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9 comments

Is the Internet a Utility?

Posted June 15, 2016 10:19 AM by HUSH

What’s your monthly internet bill look like? We are cordcutters in my house, so to facilitate our dozen streaming apps we pay for a ‘Turbo’ internet plan which promises download speeds of 20 Mbps and upload speeds of 2 Mbps. Netflix recently launched fast.com, a quick way to measure current download speeds, and it verifies that I’m getting my $60+ worth of internet each month. I also have no data cap, which is important because in January and February my household consumed more than 1TB of data (though we’re on track for just 600-700 GB in June).

I feel like I’m one of the lucky ones. I pay a not-outrageous price for a utility that delivers what it promised, and it allows us to watch, work and play simultaneously. Turns out, my service lags behind the national average. At the end of last year, the FCC reported that the national average internet speed at the end of 2014 was 31 Mbps.

My internet service provider is considered the best performing ISP in the state, but is typically vilified by consumers. After a recent merger a with lessor competitor, I’m worried my underaverage-yet-adequate internet service may suffer the effects. There is little to stop them, as in my county I only have access to one ISP, and the only other option is a mobile hotspot from a cell carrier, which has clear drawbacks.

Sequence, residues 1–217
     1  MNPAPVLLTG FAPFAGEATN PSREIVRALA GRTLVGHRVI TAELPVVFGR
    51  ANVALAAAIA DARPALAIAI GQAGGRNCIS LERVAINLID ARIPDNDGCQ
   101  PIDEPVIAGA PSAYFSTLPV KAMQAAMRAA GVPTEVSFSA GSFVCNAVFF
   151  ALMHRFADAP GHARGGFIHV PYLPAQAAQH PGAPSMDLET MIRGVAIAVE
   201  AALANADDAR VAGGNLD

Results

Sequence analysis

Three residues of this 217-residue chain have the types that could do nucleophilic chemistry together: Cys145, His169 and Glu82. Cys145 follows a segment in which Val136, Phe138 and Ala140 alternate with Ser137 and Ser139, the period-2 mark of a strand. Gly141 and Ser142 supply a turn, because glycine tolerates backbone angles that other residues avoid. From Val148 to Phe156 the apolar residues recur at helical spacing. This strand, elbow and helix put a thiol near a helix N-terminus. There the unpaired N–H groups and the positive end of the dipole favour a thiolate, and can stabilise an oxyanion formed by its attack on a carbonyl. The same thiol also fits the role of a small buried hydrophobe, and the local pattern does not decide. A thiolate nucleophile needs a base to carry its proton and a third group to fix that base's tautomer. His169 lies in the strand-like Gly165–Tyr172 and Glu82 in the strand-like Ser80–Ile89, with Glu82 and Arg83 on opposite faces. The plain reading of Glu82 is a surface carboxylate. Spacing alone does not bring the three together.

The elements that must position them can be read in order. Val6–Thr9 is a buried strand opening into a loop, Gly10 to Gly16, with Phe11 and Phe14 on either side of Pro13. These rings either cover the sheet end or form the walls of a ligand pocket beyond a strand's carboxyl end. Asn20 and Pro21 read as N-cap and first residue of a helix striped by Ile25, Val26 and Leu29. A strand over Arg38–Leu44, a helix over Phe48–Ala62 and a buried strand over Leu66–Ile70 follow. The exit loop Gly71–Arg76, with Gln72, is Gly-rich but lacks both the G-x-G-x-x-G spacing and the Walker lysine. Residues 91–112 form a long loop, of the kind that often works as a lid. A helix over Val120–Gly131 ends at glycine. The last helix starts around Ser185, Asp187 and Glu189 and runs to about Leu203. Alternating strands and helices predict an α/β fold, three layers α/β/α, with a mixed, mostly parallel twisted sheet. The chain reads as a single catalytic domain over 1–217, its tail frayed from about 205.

Because of this natural monopoly, many people support the classification of internet services as a utility. In February 2015, the FCC established internet service as a quasi-utility. It used rules meant to regulate phone networks to say ISPs couldn’t discriminate between types of data traffic. However, no regulations about how ISPs price or provide services, or maintain or engineer networks, were established, which is the norm with other utilities.

Even though I’m worried about the leverage my ISP has on my services, I’m not sure if the internet is a utility. While it’s definitely important, the internet isn’t as essential as water, and it doesn’t quite have the significance of electricity, gas or public transportation either. These industries are regulated because the costs of building and operating a second option just don’t make sense. Yet in many markets, even in counties neighboring my own, two or more ISPs are operating.